Candidates can reverse this hub and spoke process by going on LinkedIn and finding people who are leading these project management efforts. As part of this example, I found more than 20 people on LinkedIn who have senior project manager titles within the technical specialty of interest. If I were interested in these jobs I’d contact the people directly, but I wouldn’t send them my resume. I’d use a different approach to get referred. Some ideas follow.

Don’t send your resume, demonstrate your ability instead.

There is no rule stating you must send in a resume to get a job interview. Getting noticed first is the key. One way to get noticed is to solve a problem likely being faced by the company. There are often clues to this in the job posting and by doing a little company research. Over the past few years candidates have told me they have sent in samples of their work, prepared PowerPoint decks describing related work they’ve handled, created YouTube videos answering The Most Important Interview Question of All Time and conducted the type of analyses described in the job posting to demonstrate their subject matter expertise.

None of these were sent to HR or the recruiting team. All were sent to the hiring manager or someone who could refer the person to the hiring manager. For the Halliburton example, I’d send the material to all of the senior project managers and then follow up with a phone call. If you mention you’ve also sent the material to the senior VP the other directors will likely act upon it sooner.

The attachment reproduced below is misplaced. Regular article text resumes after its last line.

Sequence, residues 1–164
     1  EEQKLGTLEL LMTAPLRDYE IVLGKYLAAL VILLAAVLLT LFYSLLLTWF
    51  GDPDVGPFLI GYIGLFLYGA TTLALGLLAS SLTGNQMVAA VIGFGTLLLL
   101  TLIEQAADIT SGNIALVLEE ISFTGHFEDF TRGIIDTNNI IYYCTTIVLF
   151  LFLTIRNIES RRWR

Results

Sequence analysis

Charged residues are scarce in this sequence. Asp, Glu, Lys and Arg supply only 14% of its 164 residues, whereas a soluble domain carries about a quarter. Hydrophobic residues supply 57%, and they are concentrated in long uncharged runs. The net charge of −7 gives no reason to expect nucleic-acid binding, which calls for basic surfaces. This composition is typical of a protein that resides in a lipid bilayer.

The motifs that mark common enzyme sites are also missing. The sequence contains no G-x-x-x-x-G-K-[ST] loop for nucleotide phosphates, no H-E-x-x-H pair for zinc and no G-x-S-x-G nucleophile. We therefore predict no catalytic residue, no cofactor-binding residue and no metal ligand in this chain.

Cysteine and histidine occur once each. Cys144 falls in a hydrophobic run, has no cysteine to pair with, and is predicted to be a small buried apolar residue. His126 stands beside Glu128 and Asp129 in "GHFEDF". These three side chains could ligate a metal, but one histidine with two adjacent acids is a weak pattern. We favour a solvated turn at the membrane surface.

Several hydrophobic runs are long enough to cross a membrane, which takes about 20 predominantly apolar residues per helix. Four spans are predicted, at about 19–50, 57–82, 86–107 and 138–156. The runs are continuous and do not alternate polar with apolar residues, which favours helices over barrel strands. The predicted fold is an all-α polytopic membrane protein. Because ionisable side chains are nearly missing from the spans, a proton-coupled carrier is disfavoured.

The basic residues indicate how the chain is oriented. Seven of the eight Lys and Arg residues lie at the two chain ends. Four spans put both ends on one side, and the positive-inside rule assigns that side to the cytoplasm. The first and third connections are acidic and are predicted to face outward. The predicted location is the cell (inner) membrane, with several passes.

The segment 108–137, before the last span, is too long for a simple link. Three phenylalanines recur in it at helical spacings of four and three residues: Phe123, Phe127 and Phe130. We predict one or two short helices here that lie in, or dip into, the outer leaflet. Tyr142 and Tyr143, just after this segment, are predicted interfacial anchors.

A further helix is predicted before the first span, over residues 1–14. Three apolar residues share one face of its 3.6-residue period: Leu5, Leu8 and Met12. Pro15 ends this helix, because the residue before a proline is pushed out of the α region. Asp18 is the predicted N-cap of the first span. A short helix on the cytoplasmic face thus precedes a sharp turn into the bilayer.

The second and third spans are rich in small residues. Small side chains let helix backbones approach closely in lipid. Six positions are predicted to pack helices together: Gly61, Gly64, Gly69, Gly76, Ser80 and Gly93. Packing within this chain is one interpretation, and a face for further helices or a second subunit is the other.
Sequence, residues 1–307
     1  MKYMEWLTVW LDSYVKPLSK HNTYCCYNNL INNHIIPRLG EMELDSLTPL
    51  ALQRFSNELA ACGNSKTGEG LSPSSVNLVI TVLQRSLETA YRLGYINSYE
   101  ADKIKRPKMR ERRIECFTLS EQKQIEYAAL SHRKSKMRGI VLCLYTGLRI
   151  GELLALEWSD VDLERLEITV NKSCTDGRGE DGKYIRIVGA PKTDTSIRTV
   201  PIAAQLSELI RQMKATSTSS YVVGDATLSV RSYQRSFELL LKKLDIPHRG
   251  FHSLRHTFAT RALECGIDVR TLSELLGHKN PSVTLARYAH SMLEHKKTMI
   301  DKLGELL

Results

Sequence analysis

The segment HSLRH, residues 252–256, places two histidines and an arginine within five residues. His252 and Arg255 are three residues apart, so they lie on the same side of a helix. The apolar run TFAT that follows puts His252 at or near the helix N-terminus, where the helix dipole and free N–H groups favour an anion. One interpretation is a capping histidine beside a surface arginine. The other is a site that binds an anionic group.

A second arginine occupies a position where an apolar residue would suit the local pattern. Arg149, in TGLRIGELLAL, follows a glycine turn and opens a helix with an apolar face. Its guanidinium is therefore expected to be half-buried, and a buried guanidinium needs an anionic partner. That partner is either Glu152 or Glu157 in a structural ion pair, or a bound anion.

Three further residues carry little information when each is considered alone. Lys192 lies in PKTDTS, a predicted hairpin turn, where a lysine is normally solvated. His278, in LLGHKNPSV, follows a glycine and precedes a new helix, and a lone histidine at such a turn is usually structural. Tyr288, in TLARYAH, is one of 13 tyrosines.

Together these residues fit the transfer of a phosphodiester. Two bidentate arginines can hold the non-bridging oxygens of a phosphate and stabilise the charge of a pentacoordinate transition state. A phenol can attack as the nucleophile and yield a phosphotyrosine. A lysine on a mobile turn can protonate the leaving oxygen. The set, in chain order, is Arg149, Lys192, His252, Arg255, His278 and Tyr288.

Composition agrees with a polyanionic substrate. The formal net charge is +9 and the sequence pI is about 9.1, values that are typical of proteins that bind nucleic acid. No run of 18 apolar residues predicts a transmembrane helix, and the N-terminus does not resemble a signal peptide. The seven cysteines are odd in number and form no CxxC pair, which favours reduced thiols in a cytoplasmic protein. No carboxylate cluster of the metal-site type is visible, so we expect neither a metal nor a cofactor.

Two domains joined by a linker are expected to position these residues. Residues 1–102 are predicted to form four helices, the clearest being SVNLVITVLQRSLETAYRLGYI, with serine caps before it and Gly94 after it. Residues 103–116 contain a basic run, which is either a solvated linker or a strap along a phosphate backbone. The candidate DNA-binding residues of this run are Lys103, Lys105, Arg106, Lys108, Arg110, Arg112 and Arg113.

Start networking by influencing people you know to introduce you to people you don’t know.

Networking is not about meeting as many people as you can in the hope that someone will know about a job opening. Networking is about meeting a few people who know you very well and can refer you to others they know very well. Here’s a complete post on the networking process and a short video.

Most job-seekers make excuses about why networking doesn’t work for them. Hogwash. It works for everyone.